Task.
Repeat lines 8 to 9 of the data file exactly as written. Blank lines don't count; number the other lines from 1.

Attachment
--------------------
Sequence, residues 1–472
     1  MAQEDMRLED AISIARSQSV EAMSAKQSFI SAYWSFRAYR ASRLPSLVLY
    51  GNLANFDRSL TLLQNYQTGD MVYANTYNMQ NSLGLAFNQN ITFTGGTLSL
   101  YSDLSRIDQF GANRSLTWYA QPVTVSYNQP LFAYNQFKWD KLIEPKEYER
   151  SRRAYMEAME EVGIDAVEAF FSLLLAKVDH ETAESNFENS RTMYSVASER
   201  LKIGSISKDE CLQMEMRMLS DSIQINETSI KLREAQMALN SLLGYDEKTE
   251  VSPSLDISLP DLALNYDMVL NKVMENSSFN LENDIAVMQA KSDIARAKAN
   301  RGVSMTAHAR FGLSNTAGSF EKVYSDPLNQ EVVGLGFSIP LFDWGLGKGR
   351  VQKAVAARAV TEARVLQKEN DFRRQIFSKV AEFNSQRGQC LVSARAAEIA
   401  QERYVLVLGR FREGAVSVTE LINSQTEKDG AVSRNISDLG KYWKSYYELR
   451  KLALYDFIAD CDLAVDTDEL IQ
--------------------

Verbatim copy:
   301  RGVSMTAHAR FGLSNTAGSF EKVYSDPLNQ EVVGLGFSIP LFDWGLGKGR
   351  VQKAVAARAV TEARVLQKEN DFRRQIFSKV AEFNSQRGQC LVSARAAEIA